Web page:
April 19, 2024

I, Science

The science magazine of Imperial College

Sulagna Maity investigates the possibilities of immunotherapy as a cancer treatment.

(By Sulagna Maity on 13th December 2023)

Cancer! People get terrified when they hear this term. But why? Is it because of its possibility of recurrence? Its lack of a permanent cure? The potential to cause death in the final stages? Whatever the reason is, people often fear cancer over many other diseases. There are several prevalent treatments such as chemotherapy or radiation, however, these therapies are often a “curse in disguise”. A report by Cureus in 2023 showed that 97.4% of patients experienced at least one side effect in a six-month follow-up period after chemotherapy, with fatigue, loss of appetite and diarrhoea being the most common. Radiation or chemotherapy are commonly used treatments, but they do not always kill all the cancerous cells. Perhaps this is where the scariest part falls for many people: Cancer has a habit of resuming if there are even a few malignant (cancerous) cells left in the body.

In recent years, immunotherapy has emerged as a promising therapeutic strategy for cancer. Immunotherapy is a process where a person’s immune system is used to fight against cancer with fewer side effects than chemo and radiotherapy. Cancers that are caused by viruses have found the remedy in the form of vaccination. For example, the HPV vaccine is recommended for children aged between 12-13 years to prevent cervical/uterine cancer caused by Human Papillomavirus. Apart from vaccination, immunotherapy includes monoclonal antibodies, immune checkpoint inhibitors, and CAR T-cell therapy.

Antibodies are proteins made by our immune system that recognise and bind to specific proteins called antigens, usually from a pathogen or parasite. Monoclonal antibody therapy uses laboratory-made antibodies to help the immune system target a particular protein or antigen on the surface of a cancer cell. Once they bind to the antigen, they can either directly destroy the cancer cell or indirectly signal the immune system to attack it. Monoclonal antibodies can be modified to target specific cancer cells while sparing healthy cells, resulting in fewer side effects than traditional chemotherapy. Immune checkpoints are like stop signals, suppressing overactivation of the immune system. However, cancer cells often escape the immune system’s detection by activating checkpoints. Immune checkpoint inhibitors work by blocking certain proteins on the cancer cells that usually activate these checkpoints. This allows the immune system to better identify and attack cancer cells, which can lead to improved outcomes for cancer patients. Finally, CAR T-cell therapy has currently become a revolution in the medical field. So, how does it work? Doctors take T-cells (a type of immune cell) from the patients’ blood and genetically modify them in the laboratory to produce special receptors called Chimeric Antigen Receptors or CARs on their surface. These modified T-cells are infused back into the patients’ blood where these cells multiply and attack cancer cells. This therapy has been effective even in some patients who failed to respond to other treatments.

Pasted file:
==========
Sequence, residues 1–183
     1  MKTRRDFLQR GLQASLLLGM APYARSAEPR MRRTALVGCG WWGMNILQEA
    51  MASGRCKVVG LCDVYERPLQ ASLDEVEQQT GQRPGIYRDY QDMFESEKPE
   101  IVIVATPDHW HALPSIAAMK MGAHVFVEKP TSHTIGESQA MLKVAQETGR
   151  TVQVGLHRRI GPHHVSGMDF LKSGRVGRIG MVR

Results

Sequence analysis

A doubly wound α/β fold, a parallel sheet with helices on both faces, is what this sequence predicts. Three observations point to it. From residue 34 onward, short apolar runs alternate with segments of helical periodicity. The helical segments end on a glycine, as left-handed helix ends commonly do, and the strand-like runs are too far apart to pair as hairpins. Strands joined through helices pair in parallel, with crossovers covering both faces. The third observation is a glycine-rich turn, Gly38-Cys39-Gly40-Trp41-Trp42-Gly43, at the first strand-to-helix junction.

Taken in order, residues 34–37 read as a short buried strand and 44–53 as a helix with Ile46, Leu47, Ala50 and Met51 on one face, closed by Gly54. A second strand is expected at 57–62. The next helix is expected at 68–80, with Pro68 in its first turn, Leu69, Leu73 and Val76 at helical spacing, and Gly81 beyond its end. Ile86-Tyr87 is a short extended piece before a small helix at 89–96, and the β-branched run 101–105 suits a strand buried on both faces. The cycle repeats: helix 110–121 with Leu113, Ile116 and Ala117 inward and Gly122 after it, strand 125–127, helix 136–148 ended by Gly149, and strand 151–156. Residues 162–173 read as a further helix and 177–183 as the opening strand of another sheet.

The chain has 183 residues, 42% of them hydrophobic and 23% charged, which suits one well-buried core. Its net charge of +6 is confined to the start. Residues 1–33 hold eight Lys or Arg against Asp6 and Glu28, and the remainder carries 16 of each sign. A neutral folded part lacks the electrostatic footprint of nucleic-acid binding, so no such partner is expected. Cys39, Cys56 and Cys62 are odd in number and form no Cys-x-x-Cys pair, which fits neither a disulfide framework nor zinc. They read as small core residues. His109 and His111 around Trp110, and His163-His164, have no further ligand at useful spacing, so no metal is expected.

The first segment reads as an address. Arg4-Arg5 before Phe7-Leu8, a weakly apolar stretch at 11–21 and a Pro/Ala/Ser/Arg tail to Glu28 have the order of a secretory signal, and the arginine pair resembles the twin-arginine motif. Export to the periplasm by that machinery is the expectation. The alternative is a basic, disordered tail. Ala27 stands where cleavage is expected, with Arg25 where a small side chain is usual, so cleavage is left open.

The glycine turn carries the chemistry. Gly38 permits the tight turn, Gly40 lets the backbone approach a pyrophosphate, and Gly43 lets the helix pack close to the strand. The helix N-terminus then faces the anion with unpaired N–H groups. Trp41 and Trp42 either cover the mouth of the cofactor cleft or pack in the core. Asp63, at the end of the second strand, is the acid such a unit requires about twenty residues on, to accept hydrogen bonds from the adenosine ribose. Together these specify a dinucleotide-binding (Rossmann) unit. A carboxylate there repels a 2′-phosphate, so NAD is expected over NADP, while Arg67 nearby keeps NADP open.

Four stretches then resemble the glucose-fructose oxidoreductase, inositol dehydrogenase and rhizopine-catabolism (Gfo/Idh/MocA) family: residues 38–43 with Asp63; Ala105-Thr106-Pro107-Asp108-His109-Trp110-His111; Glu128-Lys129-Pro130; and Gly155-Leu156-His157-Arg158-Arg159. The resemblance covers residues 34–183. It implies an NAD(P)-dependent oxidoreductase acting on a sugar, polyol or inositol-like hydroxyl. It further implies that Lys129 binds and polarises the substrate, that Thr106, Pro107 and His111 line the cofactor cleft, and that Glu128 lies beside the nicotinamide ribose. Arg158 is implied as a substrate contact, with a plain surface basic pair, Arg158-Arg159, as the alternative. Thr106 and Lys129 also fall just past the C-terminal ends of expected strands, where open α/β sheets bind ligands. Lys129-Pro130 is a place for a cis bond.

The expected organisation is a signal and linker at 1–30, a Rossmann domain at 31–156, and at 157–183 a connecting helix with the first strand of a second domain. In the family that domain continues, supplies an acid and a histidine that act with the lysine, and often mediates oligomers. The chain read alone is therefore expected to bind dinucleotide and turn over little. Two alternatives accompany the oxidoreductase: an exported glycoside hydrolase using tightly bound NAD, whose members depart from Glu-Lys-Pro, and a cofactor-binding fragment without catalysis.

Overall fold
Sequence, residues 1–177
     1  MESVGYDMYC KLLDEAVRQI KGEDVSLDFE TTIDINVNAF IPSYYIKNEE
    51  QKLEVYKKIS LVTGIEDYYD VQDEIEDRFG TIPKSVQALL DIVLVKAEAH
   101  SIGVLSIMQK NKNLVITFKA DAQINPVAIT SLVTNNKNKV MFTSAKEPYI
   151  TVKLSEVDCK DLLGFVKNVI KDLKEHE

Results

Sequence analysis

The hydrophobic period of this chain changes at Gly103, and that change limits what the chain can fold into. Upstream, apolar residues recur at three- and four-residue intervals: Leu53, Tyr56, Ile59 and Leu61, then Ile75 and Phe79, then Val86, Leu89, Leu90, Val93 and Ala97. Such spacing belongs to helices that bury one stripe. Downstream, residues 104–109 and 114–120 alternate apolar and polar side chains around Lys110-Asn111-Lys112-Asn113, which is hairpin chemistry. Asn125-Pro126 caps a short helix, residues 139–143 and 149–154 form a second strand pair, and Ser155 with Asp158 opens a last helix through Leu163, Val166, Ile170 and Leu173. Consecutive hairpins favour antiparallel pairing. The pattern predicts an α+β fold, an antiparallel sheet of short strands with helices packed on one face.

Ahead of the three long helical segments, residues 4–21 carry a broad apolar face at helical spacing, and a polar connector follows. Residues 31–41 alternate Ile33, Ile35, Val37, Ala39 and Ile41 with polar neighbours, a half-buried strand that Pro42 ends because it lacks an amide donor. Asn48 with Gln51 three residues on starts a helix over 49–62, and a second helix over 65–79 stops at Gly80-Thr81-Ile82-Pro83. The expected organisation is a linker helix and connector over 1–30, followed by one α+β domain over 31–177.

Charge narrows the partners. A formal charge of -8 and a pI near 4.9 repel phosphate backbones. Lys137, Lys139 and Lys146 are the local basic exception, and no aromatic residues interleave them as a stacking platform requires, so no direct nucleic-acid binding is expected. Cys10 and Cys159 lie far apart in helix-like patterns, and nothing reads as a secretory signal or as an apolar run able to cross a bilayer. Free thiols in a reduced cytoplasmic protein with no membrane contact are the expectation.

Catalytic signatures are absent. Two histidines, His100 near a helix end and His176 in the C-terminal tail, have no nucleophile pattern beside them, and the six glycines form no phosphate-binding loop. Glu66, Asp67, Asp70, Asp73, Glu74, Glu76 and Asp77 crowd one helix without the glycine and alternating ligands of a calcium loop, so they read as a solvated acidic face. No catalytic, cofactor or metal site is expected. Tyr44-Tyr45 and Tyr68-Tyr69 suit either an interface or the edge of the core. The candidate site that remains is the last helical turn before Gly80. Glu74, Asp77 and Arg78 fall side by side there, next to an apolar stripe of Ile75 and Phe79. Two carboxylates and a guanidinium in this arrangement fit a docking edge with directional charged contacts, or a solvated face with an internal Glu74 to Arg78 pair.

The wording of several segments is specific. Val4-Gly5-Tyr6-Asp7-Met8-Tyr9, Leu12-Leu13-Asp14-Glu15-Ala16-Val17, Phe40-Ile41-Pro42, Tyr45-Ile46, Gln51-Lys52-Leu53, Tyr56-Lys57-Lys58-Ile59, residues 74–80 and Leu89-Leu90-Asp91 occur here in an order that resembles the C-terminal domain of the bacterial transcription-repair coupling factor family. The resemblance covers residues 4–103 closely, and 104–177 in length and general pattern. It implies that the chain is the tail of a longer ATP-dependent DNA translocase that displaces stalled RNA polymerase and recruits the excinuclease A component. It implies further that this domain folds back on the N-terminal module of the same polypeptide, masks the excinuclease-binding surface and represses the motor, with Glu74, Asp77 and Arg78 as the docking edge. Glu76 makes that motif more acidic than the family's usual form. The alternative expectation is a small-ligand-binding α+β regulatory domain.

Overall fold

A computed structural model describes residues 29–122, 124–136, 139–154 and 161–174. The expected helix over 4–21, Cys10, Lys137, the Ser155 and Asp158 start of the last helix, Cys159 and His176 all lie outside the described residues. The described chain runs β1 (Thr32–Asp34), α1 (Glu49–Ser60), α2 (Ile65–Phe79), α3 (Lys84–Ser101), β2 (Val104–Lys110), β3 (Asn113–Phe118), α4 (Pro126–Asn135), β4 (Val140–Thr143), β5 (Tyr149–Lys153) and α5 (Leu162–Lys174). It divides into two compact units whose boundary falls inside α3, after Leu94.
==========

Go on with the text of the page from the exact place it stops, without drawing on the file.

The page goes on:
Figure made by Sulagna Maity in BioRender

However, according to MD Anderson Cancer Centre (University of Texas, USA), immunotherapy may not work for every cancer because tumours can develop mutations (changes in the genetic material) in some cases, thus blocking T-cells from recognising and attacking cancer cells. Moreover, as we grow older, the production of our immune cells is diminished, and our immune system becomes less efficient to respond to pathogens and cancer: a natural process called immunosenescence. So, a question arises: are immunotherapies effective in older patients?  Older patients remain underrepresented in most clinical trials and so further investigation is required to evaluate the correlation between older cancer patients receiving immunotherapy and their outcome.

Immunotherapies have positive outcomes for many, but whether or not they are cost-effective is a different issue.  The cost of immunotherapy in India is Rs. 1,50,000 to 4,50,000 (approximately £1400 to £4300) per session. In the UK, a single round costs £30,000. A recent report in Pharmacy Times published that the total cost of CAR T-cell treatment can exceed $1 million (approximately £790, 000). If the cost increases every year, patients may revert to traditional therapy (chemo and radiation) and the objective of immunotherapy could eventually become futile. In 2023, ImmunoACT (an IIT-Bombay incubated company in India) announced that they were granted approval for CAR T-cell therapy to be used in blood cancer patients. They claimed that this therapy is “affordable”. The approximate cost would be between Rs. 30 lakhs to 40 lakhs per patient (approximately £28,500 to £38,100). Yes, it is “affordable” only if the average person avails a loan and goes into huge debt!

To sum up, we are still stuck between the side effects of current treatments and the price of new ones. Discoveries are indeed leading ways to fight against cancer. We cannot deny the contributions of Noble Laureates, James P Allison and Tasuku Honzo, for their pioneering work on cancer immunotherapy. Though expensive, immunotherapy is indeed the game changer for cancer and is likely capable of terminating the existence of cancer someday and the fear surrounding it. But these new therapeutics should be available and affordable to everyone so that we can hope for a cancer-free world in the impending future.

Feature image credit: Photo by National Cancer Institute on Unsplash